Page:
But note, in all these areas, the key is to find out where “home” is and stay there. It is to find out where and what God has called me to do and do that with stability and regularity.
It is too easy for us to get out of our lane, and range far from home. And this leads to several problems.
Problem of the Perfunctory – We can cast our net too widely, and become involved in too many pursuits, or in too many far flung places. If we are not careful, our work for the Lord ends up being a thousand miles wide and only two inches thick. Depth is often more important that width.
Problem of Proximity – It may well be argued that our culture has suffered such a rapid decline because there is too much mobility, and cultivating the deeper relationships necessary to handing on the faith and culture are largely absent. Even members of nuclear families spend little real time together. Parishes too have very ephemeral memberships, and often experience little continuity in leadership. No one knows where home is anymore. But that is where the faith is cultivated. There is a lot to be said for proximity and stability.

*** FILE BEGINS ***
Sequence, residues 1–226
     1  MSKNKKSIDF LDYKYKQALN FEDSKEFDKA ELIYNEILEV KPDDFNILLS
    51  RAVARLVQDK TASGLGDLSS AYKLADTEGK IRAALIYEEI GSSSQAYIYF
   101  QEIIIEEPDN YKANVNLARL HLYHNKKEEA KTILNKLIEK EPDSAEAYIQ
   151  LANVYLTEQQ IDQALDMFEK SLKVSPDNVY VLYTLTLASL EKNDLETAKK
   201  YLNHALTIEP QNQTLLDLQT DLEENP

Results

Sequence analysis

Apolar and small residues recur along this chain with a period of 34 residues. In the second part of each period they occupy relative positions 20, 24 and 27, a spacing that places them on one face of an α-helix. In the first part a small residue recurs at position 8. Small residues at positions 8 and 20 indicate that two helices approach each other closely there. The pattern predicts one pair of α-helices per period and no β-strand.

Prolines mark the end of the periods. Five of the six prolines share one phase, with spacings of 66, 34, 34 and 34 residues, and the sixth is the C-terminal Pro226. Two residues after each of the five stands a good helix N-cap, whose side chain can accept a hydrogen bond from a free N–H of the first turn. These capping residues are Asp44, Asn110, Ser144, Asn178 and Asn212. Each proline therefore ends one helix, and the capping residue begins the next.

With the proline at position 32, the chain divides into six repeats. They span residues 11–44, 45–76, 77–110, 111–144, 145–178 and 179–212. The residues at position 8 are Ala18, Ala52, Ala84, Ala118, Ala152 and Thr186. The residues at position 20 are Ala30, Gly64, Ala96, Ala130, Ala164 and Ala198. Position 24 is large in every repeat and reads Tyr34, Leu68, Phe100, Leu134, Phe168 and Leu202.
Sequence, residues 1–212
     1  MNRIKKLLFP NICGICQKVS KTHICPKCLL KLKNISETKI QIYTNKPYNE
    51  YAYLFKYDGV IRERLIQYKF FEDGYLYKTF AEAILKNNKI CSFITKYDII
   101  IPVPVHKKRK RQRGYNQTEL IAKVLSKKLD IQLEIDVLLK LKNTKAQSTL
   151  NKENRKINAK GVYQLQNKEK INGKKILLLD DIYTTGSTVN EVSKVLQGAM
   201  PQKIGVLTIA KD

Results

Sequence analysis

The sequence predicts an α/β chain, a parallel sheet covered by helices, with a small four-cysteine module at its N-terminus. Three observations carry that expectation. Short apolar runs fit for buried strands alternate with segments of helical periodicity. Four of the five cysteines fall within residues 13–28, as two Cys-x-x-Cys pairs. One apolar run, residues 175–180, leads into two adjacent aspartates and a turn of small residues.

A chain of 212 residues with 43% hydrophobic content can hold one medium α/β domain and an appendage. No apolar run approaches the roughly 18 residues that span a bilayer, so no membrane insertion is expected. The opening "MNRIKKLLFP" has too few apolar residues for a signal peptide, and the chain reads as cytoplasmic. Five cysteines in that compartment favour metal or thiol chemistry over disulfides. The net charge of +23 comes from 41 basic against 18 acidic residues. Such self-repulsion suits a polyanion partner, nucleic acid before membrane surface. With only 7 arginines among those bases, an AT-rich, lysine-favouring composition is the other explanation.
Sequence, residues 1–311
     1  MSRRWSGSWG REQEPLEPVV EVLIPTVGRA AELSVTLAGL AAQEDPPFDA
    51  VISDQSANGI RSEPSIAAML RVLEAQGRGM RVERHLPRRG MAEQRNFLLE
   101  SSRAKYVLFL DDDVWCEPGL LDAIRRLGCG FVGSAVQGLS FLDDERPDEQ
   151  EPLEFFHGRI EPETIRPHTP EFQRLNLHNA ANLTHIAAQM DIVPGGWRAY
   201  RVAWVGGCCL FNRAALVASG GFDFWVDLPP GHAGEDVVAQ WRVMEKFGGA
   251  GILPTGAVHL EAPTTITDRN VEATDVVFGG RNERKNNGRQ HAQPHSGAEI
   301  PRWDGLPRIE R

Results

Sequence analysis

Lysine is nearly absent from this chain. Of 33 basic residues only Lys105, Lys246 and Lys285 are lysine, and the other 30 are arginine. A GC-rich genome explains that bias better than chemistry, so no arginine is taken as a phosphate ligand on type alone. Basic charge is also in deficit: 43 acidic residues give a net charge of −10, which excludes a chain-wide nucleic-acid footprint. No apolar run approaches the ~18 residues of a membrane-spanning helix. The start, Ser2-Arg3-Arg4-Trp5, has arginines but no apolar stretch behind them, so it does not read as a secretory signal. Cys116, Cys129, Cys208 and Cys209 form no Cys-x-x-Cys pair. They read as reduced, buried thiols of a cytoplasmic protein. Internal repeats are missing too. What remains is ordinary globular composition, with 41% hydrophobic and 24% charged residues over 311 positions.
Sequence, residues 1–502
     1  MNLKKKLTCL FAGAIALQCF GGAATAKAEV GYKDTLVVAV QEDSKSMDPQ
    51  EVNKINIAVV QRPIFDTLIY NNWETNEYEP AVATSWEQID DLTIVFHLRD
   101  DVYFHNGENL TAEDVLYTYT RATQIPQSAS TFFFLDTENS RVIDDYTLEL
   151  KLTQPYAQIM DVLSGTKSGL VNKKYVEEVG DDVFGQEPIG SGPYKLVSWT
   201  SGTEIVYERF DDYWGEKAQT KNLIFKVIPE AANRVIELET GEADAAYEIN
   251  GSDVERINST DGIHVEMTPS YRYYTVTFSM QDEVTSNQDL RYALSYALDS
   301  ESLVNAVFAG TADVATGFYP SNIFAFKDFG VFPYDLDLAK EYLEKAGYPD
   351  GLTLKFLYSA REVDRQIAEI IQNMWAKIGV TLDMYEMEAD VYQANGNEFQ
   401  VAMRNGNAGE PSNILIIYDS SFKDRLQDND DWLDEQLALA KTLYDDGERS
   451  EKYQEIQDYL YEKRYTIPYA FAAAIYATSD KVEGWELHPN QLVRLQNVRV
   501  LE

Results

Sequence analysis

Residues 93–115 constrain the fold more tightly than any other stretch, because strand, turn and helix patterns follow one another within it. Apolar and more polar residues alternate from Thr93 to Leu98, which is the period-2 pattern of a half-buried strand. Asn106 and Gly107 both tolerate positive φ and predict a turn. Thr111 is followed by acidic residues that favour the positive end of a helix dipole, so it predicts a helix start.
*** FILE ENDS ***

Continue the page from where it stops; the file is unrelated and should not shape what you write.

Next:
Problem of Pride – Finally there is a sense in which not staying in our lane leads us into others lanes. In particular today there is the problem of easily critiquing the vineyard of others, but not tending our own. It is easy for a priest to critique the Bishop or bishops, and yet his won parish has serious problems. It is easy to critique the pastor or bishop for the poor condition of the Church or even the culture, and yet, meanwhile, some of those who critique have numerous family members who are away from the faith, living in sin and disorder.
Yes, when we fail to stay in our own lane and work our own issues, it is so much easier to find fault with others. The best course is to find out where home is and stay and work there, to find our lane and stay in it. To be clear, some mutual critique is necessary and helpful, but only if offered in the humility and experience of having worked and struggled in one’s own vineyard.